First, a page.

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05.04.08

Marriages of Inconvenience

Posted in Free/Libre Software, FUD, GPL, Microsoft, Novell at 2:37 am by Dr. Roy Schestowitz

Knowing who is who…

The other day we mentioned an eye-opening incident which occurred at Interop. The industry that extracts money from Free software by spreading fear and purporting to resolve real, exaggerated or imaginary issues is a tad controversial, but to be fair, there are two sides in this story.

In light of the fact that Black Duck is among those controversial companies, which are also seen moderating panels or weighing in on the Novell/Microsoft deal (betrayal of the GPL and consequences of GPLv3), it’s worth bringing up the observation that a 'Walli effect' seems possible here and thus we must be careful. Black Duck was actually founded by — wait for it –a Microsoft employee. This is new to us.

I met Black Duck CEO, Doug Levin back in October 2003 at the Enterprise Linux Forum in Washington D.C. I instantly liked him. He was just starting Black Duck Software and as a ex-Microsoftie talking about IP assurance I wasn’t convinced about the bright future of his business. However, I enjoyed meeting Doug and wished him the best of luck and went on my way.

To be fair, just coming from Microsoft does not make a person malicious (cultural effects aside), but other Microsoft employees who started companies which offer ‘open source solutions’ tend to blend in ‘real’ Open Source software with software that’s reliant on the Microsoft stack (inconvenient matchmaking), including .NET stuff with licences unapproved by the OSI. In some way, they serve as bridges and so-called peace-makers, but hidden motives — if any exist — must be born in mind. They may still have some former colleagues and friends, whose goals are different from that of Free software. It’s quite likely actually.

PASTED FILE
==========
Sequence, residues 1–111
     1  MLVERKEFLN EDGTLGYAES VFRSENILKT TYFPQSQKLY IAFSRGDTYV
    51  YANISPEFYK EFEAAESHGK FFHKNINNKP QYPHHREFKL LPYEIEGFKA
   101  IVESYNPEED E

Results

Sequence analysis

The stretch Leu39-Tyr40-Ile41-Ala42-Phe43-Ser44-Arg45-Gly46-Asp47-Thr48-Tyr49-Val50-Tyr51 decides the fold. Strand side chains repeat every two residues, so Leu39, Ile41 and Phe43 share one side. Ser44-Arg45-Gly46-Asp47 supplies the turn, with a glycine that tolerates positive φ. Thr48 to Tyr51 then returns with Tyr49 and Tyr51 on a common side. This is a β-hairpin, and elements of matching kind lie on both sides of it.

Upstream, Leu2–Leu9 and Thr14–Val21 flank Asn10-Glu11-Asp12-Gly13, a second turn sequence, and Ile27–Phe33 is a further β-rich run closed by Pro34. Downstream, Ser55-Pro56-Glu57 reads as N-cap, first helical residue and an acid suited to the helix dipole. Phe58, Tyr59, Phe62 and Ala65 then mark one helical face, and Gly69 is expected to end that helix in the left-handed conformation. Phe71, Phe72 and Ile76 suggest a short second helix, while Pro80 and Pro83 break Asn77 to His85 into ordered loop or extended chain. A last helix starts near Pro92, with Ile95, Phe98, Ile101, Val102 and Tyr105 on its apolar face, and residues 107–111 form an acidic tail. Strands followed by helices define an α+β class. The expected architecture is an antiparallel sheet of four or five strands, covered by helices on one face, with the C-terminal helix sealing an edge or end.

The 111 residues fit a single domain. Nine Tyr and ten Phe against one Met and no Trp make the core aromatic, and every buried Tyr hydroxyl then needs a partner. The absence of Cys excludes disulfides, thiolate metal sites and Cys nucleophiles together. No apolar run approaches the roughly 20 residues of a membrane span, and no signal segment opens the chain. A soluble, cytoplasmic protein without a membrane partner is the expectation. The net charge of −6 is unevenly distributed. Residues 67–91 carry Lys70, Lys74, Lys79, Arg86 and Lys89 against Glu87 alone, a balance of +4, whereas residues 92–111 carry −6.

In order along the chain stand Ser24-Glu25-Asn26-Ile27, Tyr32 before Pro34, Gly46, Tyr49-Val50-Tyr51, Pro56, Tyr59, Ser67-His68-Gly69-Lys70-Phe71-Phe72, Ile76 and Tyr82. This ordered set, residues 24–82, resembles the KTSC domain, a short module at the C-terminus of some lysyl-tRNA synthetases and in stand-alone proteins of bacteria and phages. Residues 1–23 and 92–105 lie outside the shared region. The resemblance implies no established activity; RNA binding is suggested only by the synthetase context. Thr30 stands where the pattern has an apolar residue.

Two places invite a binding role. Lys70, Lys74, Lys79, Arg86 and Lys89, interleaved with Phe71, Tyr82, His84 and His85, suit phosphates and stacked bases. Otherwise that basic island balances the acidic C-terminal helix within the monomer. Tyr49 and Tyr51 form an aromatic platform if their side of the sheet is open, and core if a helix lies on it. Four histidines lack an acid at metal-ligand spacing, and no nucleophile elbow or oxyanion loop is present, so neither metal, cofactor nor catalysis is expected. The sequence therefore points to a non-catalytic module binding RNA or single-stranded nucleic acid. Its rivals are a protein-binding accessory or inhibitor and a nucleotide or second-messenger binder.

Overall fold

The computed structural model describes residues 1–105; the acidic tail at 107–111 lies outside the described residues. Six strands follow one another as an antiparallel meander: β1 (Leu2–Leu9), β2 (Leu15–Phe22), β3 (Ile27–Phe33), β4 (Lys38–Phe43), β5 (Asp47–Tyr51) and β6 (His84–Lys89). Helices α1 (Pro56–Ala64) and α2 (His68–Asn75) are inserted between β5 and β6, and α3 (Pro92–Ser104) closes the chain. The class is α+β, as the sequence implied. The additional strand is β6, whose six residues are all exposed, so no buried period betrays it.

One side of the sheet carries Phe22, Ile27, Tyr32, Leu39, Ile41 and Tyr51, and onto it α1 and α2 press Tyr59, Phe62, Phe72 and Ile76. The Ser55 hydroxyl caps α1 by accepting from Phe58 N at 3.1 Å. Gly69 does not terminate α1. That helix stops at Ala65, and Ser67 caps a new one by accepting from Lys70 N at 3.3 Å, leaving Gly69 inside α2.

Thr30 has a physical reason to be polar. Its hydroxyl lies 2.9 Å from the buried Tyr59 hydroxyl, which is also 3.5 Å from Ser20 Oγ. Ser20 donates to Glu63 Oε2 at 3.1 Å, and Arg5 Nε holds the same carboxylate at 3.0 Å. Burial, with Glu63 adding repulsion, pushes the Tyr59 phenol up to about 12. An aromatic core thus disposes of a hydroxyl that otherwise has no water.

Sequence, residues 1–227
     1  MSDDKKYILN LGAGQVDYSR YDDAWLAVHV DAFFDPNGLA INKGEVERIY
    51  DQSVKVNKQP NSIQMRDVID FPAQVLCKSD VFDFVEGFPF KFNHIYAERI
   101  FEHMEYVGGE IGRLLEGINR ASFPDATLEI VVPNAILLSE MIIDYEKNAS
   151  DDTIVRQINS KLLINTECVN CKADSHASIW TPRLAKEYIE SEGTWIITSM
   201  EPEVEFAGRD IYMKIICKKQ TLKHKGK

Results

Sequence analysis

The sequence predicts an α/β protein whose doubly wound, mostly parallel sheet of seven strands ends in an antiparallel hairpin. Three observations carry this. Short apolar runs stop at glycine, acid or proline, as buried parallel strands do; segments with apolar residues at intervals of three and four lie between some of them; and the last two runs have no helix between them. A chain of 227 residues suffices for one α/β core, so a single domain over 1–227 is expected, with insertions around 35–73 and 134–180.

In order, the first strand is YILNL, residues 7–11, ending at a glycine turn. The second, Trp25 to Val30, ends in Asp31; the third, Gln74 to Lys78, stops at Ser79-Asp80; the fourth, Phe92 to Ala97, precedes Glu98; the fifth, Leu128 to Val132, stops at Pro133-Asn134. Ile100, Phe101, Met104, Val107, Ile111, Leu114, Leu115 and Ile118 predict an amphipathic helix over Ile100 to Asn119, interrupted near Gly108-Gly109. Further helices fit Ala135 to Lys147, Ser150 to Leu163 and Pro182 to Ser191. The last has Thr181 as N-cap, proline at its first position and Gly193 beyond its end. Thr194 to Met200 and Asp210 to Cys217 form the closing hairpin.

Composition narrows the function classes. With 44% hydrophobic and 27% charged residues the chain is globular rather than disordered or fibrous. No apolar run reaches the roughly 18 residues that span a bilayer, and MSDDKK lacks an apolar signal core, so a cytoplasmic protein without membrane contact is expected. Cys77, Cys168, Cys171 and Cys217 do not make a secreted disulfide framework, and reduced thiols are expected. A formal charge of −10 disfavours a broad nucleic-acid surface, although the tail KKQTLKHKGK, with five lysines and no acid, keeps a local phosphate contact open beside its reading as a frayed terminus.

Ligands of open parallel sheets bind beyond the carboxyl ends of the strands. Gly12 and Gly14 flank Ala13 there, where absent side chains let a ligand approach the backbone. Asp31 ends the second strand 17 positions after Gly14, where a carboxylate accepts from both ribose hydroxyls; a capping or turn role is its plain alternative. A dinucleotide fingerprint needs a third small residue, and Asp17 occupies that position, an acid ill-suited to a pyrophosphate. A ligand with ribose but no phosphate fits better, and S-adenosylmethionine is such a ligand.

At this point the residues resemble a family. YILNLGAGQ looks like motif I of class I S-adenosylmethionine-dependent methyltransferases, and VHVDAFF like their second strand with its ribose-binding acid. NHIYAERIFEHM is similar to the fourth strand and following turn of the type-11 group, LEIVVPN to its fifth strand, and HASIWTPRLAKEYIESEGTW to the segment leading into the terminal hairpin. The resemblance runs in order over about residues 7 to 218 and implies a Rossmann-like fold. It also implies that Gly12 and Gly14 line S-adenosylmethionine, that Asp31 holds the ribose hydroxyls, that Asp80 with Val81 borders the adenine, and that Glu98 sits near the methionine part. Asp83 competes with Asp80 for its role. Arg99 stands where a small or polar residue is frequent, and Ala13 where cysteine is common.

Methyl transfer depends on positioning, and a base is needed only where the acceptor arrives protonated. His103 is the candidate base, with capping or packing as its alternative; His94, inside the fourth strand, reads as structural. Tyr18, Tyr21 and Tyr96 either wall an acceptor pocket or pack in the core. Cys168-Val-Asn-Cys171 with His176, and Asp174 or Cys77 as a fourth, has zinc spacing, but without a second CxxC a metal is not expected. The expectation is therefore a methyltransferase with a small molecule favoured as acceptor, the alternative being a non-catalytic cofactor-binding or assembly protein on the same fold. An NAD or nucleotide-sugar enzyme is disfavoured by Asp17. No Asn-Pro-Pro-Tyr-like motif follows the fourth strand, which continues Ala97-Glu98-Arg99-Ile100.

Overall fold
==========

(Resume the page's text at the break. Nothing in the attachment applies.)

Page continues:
While on this particular subject, 2 days ago I decided to drop Open Sources (an Inforworld blog) from my reading list because every single page there has a huge Microsoft Port 25 ad (it’s AdBlock-resistant) which reads “open source heroes,” showing me photos of Microsoft employees. It’s as though someone approaches me upon every single pageload and says: “These are your friends. Meet your heroes from Microsoft.”

“Black Duck markets itself as an ‘open-sourcy’ company even though it’s purely proprietary.”With all due respect, having read the blog for years, Open Sources can no longer be seen as an (free) open source blog and it’s also run by IBM and Sun employees now, both of whom seem to be fond of hybrid models (dual-licensing). It used to be just Matt Asay and Dave Rosenberg, both of whom moved to CNET and pretty much abandoned InfoWorld, albeit over time. This was merely a straw that broke the camel’s back because trollish blogging (e.g. “Microsoft should buy Red Hat”, use of the derogatory word “freetards”) had me openly protest and threaten to leave before.

Getting back to the main subject at hand, in my personal blog I wrote approximately a year ago about the fact that Black Duck markets itself as an ‘open-sourcy’ company even though it’s purely proprietary. Also noteworthy is the fact that Black Duck got accused by Palamida of ‘stealing’ (coping, typos included) a GPLv3 database that required a huge deal of research.

The bottom line: Despite Black Duck’s latest acquisition (essentially of userbase), which could be worse news than good news, it’s probably safer to stick to those whom we can trust a little more. Palamida appears to be it because Hewlett-Packard, which recently introduced and now boasts a similar project/initiative, is uncomfortably close to Microsoft — to the point of striving to intervene with the already-made vote on OOXML. That was utterly unacceptable.

Last but not least, over the past few years, having read the relevant RSS/news feeds very carefully, it seems as though Black Duck spreads more fear (for sales) than its counterparts. It’s just an observation.

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A Single Comment

  1. LinuxIsFun said,

    May 4, 2008 at 3:16 am

    Gravatar

    GNU/GPL is all about freedom and not about money. Its like you do what you know the best and let others do the same. There is nothing called grabbing market share from competitors – since there are no competitors. The code belongs to the community – the best one wins – irrespective of how much money you spend on marketing / sales – this is about engineering – the best approach wins :D

    Totally opposite to the Microsoft world – where marketing, lawyers, lies, IP, blah blah wins.

    GPL is a better way to build our future world – the license for the true scientist, engineers, programmers and innovators.

    Welcome to the bazaar !

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